York Region Liberal Caucus celebrates Black excellence, resilience

By Lincoln DePradine

Francesco Sorbara and Rosemary Sadlier

Liberal Member of Parliament, Tony Van Bynen, has reiterated the Canadian government’s commitment to improving the lives of Black Canadians, who have been disadvantaged through centuries of anti-Black racism and discrimination.

“Although progress has been made, there’s still much more to be done to make sure equal rights and to eradicate systemic racism. Equality of opportunity must be at the foremost of all that we do,’’ said Van Bynen, MP for Newmarket-Aurora. He made the comments at a recent York Region Liberal Caucus event.

Van Bynen was joined by several other speakers, including political colleagues, as well as African-Canadian community members for the annual Black History Month event, which was described as “an evening that celebrates Black excellence and resilience across York Region’’; and an opportunity for the sharing of “stories and ongoing work to empower, celebrate and strengthen Canada’s Black community’’.

“Black History transcends beyond one month of the year,’’ said Francesco Sorbara, MP for Vaughan-Woodbridge and parliament secretary to Diane Lebouthillier, Canada’s minister of national revenue.

Featured speaker Rosemary Sadlier traced her involvement in efforts leading to the recognition of Black History Month and on August 1 being observed nationally as Emancipation Day, saying the intent of her work has been “to bring attention and focus to the experiences of African-Canadians and the African-Canadian community’’.

Sadlier, an educator and author, was president of the Ontario Black History Society from 1993 to 2015.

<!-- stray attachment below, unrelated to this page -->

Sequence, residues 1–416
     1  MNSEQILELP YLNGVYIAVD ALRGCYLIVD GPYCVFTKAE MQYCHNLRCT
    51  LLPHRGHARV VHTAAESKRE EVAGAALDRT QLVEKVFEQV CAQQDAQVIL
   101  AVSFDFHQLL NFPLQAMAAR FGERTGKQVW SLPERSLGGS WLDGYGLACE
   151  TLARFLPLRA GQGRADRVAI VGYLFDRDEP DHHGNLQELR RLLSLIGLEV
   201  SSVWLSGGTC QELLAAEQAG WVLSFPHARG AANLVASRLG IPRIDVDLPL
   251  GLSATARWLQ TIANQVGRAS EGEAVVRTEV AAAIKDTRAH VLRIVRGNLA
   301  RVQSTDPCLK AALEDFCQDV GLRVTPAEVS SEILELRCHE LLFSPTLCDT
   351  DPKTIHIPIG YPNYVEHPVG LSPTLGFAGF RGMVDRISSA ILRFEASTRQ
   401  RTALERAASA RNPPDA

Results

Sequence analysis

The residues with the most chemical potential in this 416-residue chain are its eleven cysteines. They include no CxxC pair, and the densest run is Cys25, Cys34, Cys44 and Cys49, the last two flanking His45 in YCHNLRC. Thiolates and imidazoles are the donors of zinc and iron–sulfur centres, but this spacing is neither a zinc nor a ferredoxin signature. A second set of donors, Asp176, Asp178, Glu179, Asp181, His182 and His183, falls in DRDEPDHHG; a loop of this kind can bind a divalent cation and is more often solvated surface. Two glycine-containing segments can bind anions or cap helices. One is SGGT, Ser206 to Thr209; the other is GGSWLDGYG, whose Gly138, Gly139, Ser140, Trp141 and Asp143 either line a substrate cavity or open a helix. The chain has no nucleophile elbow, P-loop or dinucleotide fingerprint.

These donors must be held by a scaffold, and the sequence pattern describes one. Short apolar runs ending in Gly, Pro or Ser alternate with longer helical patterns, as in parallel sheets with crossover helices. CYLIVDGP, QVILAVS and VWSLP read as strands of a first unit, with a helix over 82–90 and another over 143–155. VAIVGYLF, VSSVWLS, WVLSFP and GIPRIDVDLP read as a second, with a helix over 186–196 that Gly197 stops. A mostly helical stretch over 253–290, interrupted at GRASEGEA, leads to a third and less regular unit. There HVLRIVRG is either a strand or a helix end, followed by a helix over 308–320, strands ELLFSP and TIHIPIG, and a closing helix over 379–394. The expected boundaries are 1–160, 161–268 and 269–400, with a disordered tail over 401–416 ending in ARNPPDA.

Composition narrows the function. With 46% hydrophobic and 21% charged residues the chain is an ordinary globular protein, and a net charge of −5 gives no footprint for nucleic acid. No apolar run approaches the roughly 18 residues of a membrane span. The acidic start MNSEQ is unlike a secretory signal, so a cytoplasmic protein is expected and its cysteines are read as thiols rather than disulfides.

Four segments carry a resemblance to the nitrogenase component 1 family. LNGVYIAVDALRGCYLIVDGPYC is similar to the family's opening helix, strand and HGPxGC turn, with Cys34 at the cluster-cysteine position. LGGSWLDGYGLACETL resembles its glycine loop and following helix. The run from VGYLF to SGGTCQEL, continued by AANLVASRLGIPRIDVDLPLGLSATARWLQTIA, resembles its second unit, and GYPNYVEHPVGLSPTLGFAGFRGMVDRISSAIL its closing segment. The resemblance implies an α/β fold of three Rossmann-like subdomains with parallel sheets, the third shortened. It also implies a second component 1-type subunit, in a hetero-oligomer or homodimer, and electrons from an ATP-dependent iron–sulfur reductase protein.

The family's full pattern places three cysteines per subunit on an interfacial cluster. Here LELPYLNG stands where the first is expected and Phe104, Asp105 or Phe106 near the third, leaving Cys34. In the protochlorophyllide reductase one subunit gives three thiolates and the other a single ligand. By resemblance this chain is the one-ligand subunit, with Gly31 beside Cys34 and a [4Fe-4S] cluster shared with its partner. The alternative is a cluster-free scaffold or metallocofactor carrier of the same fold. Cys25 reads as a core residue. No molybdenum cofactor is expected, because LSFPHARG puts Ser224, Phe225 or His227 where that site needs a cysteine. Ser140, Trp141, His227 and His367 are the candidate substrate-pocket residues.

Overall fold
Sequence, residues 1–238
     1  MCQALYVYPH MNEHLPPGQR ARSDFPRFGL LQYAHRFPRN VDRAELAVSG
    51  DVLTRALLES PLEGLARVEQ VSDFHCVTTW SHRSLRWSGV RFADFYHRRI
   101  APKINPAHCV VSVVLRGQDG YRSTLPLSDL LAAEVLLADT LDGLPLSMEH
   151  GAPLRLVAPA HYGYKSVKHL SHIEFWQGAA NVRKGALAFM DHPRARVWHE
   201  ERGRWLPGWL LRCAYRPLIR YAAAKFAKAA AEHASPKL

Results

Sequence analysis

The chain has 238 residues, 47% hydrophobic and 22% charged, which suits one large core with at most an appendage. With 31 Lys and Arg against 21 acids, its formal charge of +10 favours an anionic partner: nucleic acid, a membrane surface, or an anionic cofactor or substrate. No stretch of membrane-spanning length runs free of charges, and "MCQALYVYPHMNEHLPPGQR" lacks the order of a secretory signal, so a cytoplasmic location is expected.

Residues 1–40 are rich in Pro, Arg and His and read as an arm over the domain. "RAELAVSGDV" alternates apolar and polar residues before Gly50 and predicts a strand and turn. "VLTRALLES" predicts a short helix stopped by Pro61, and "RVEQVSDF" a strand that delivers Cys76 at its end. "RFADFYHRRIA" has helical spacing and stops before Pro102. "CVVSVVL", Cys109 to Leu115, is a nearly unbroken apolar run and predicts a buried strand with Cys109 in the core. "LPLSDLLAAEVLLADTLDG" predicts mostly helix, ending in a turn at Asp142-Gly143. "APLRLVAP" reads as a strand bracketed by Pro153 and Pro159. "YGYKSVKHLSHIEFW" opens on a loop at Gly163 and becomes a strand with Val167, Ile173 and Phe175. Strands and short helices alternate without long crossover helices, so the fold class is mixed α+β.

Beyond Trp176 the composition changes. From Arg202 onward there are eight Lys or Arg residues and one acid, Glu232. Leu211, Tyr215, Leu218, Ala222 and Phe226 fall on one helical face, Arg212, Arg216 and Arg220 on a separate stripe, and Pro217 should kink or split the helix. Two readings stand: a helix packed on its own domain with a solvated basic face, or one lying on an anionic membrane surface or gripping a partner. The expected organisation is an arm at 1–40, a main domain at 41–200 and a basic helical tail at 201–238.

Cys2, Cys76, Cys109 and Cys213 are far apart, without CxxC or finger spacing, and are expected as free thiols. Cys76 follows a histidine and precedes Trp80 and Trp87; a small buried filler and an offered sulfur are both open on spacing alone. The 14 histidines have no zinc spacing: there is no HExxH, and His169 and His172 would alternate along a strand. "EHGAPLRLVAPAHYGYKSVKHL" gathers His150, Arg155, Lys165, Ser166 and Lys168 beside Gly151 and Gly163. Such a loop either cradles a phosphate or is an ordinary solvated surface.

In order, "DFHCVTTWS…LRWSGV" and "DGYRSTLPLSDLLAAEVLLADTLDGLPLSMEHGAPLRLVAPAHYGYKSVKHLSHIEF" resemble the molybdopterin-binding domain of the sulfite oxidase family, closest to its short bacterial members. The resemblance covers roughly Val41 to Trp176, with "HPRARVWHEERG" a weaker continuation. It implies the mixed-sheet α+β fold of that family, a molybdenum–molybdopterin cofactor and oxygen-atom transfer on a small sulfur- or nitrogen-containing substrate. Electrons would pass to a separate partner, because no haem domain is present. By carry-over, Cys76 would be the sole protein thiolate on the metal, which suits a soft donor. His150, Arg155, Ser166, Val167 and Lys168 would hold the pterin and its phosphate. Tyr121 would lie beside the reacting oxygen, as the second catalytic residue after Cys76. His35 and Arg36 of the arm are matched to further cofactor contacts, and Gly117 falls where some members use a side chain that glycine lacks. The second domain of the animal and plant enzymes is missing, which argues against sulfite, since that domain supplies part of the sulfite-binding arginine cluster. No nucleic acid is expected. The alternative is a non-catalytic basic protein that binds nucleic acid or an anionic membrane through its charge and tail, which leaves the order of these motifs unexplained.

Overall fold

She noted that Black people have been in the country since before Canadian Confederation in 1867, saying she “joined the process of doing what I could, building up a community of interest, providing as many as 2,000 presentations at schools, reaching out to other community organizations’’, in her lobbying attempts for the observance of Black History Month and Emancipation Day.

Award-winning poet, author and arts educator, Nadine Williams, commended Sadlier on her community contributions over the years.

“I recognize the hard work that you have put in. You have been an inspiration to me and to so many others,’’ Williams said. “I want to give you all your flowers; you are worthy of it.’’

Sobara, in remarks at the conclusion of the event, referred to it as “a very fascinating evening’’.

“Black History is Canadian history. Canada’s social fabric today, and going forward, is so much richer and so much better, and so much more vibrant, because of Black Canadians from coast to coast to coast,’’ said Sorbara.

“We know there is still much work to be done to break down all systematic barriers. The Canada we all love and stand for with pride is strong, diverse and inclusive, every day of the year.’’

Black History Month, said MP Van Bynen, “provides an opportunity to recognize the achievements of Canadians of African descent. This is a time to celebrate the vast contribution made by Black Canadians to our culture, our history, and to our business community’’. 

The Liberal government of Prime Minister Justin Trudeau “is committed to investing in programs that would improve the social, health, economic and wellbeing of Black Canadians,’’ said Van Bynen, a former mayor of Newmarket

LJI Reporter